I was looking for some information this morning on just how much more it will cost you to get a loan today than it did just a year ago today, and I came upon a survey from the Federal Reserve that is really indicative of just how much the playing field has changed. For several decades the Fed has been doing a Loan Officer Survey, asking a slew of senior bank guys if they’re tightening their standards on residential mortgages.
As you might expect, the numbers were in the negative 2004-2006. As 'Crazy Eddie' used to say, "they were practically giving it all away." But in the most recent quarter of this year, Q2, things suddenly changed.
The Fed is now breaking down the questions to “Prime,” “Non-Traditional” and “Subprime.” The numbers, as you might expect, are high. 15% of loan officers say they are tightening credit to prime borrowers, 45% on non-traditional loans, and 56% say they are tightening credit to Subprimers. My questions is, on subprime and non-traditional, why isn’t it 100%??
Lending standards are now the toughest since the early nineties, but not that much tougher than at the turn of this century. Given everything we’ve seen in the market over the last few months, given the rising number of foreclosures, given several gloom and doom scenarios from homebuilders, to mortgage lenders to industry analysts--it would seem to me that we’d see a higher number of lenders tighten to the subprimers and the non-traditionals.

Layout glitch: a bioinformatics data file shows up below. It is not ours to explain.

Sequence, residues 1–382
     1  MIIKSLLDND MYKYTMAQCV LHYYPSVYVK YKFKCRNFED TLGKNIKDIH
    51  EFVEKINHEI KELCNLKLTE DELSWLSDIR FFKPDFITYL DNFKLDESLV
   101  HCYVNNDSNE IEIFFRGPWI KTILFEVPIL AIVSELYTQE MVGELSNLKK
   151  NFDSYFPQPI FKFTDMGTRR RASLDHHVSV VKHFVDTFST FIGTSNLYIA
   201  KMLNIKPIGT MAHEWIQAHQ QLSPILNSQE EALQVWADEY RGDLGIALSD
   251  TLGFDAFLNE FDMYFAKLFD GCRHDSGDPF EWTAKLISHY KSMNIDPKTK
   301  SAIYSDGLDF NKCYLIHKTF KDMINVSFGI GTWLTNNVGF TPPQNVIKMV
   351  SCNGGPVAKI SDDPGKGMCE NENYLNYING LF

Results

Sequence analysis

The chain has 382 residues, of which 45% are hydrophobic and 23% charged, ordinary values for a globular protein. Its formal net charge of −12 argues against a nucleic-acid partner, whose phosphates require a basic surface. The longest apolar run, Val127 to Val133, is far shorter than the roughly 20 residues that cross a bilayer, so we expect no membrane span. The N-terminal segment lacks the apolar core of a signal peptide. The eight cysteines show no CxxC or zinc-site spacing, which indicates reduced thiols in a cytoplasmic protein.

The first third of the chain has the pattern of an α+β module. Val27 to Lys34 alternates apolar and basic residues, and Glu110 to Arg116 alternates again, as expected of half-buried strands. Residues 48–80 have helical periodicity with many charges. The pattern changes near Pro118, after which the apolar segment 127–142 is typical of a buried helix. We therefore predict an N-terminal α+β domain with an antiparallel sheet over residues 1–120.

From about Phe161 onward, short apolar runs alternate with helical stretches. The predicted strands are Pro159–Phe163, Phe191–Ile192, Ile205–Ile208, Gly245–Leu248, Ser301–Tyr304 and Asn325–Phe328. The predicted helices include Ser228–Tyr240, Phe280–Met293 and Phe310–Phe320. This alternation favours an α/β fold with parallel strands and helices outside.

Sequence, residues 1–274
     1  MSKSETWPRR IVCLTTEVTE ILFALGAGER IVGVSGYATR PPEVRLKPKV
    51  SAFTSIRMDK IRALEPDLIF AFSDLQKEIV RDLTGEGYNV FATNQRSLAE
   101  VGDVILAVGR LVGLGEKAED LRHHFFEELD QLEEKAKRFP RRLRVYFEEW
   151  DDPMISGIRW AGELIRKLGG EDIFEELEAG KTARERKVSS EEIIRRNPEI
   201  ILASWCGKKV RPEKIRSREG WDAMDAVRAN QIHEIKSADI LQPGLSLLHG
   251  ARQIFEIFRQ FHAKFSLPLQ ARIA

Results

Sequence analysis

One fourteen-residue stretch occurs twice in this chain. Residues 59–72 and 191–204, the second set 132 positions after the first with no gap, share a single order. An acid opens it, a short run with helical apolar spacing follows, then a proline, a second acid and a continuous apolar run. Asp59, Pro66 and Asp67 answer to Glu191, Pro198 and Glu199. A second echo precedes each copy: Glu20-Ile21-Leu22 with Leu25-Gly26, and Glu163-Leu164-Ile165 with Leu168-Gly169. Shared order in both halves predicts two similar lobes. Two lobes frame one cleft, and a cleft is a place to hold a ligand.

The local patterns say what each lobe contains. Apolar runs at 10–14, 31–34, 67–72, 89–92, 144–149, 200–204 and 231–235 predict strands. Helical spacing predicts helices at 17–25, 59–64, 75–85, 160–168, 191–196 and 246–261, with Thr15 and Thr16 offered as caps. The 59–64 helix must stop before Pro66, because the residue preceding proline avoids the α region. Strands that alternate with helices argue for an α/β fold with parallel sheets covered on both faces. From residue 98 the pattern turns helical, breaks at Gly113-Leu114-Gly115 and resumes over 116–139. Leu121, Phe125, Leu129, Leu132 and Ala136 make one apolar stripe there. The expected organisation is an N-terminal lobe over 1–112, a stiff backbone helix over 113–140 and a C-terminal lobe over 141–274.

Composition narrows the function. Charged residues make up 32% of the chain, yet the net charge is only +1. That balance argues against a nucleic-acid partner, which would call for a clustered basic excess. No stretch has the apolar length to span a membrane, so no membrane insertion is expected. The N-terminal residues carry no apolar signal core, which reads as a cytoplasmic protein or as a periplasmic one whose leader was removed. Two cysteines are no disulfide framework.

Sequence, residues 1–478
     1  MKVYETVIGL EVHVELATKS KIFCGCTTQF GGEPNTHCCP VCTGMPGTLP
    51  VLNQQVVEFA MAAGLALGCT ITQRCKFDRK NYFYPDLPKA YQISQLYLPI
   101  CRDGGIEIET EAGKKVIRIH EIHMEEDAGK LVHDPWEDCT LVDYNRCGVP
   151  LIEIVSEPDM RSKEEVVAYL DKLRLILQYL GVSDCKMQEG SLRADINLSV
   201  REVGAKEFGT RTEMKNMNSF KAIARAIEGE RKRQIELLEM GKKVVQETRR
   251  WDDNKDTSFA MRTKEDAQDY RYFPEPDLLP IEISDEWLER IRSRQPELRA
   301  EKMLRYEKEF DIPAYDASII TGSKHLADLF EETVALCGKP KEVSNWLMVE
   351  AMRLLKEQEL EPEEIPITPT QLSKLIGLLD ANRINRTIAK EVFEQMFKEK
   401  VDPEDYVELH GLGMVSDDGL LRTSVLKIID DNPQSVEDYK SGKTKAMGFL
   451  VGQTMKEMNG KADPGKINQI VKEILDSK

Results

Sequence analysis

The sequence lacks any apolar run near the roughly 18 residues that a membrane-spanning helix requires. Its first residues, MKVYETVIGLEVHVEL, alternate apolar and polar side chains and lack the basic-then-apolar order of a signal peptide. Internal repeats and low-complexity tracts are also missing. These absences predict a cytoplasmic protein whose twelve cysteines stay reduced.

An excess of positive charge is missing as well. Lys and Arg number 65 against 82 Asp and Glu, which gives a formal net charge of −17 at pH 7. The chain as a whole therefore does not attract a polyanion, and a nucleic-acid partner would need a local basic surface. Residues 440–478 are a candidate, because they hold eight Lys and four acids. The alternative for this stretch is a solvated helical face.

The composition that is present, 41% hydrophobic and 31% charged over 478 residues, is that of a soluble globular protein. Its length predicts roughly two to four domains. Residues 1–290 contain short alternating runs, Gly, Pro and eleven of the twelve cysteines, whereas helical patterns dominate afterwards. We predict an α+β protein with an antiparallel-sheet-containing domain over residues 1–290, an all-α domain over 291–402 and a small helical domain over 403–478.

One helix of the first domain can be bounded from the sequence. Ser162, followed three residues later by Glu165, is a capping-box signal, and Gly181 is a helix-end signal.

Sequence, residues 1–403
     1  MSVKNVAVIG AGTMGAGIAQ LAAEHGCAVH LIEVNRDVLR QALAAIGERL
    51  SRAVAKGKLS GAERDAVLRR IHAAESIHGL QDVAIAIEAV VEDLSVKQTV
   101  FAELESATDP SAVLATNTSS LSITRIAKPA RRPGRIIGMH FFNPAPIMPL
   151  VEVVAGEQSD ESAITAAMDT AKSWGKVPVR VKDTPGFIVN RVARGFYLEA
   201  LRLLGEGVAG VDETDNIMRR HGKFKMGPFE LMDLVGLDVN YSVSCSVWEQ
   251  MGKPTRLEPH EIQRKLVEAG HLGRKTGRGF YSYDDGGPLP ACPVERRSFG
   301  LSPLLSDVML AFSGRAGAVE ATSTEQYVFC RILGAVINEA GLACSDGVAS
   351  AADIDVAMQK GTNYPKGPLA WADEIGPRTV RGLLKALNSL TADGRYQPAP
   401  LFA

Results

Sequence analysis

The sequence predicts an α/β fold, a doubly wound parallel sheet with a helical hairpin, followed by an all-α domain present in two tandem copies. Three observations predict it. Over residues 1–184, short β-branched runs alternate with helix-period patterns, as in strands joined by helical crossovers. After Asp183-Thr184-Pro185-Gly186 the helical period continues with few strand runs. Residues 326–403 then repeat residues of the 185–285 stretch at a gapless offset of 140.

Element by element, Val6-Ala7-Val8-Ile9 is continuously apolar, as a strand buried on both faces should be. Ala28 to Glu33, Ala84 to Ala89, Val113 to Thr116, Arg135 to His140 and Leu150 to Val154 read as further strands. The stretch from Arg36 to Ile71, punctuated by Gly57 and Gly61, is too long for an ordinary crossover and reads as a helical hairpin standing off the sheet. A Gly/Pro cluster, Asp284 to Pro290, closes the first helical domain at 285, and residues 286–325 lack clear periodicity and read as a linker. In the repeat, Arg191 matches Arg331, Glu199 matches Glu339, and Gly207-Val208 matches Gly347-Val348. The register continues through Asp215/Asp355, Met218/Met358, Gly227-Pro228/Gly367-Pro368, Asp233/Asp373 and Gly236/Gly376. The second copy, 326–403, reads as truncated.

I guess the trouble is that despite the trouble, mortgage lenders that haven’t gone out of business, are in greater competition than ever before. With far fewer houses selling, and far fewer loans available to far fewer borrowers, they still have to be out there selling something. I’m still hearing from borrowers with good credit, that when they put in an application with one broker, they’re suddenly getting dozens of calls from others (this is a concept called “trigger leads,” a story I’m currently working on for later this week, so watch for it!).
The mortgage business hasn’t gone out of business: it’s just correcting along with the housing market, and that’s making for some strange scenarios. Lenders want to stay in business, but they have to change the way they do business, which means losing business.
FYI: A fellow blogger--Dr. Housing Bubble--writes in with a moment-to-moment Main St. look at foreclosure. Here it is: The Foreclosure Story: What does the Process Look Lilke?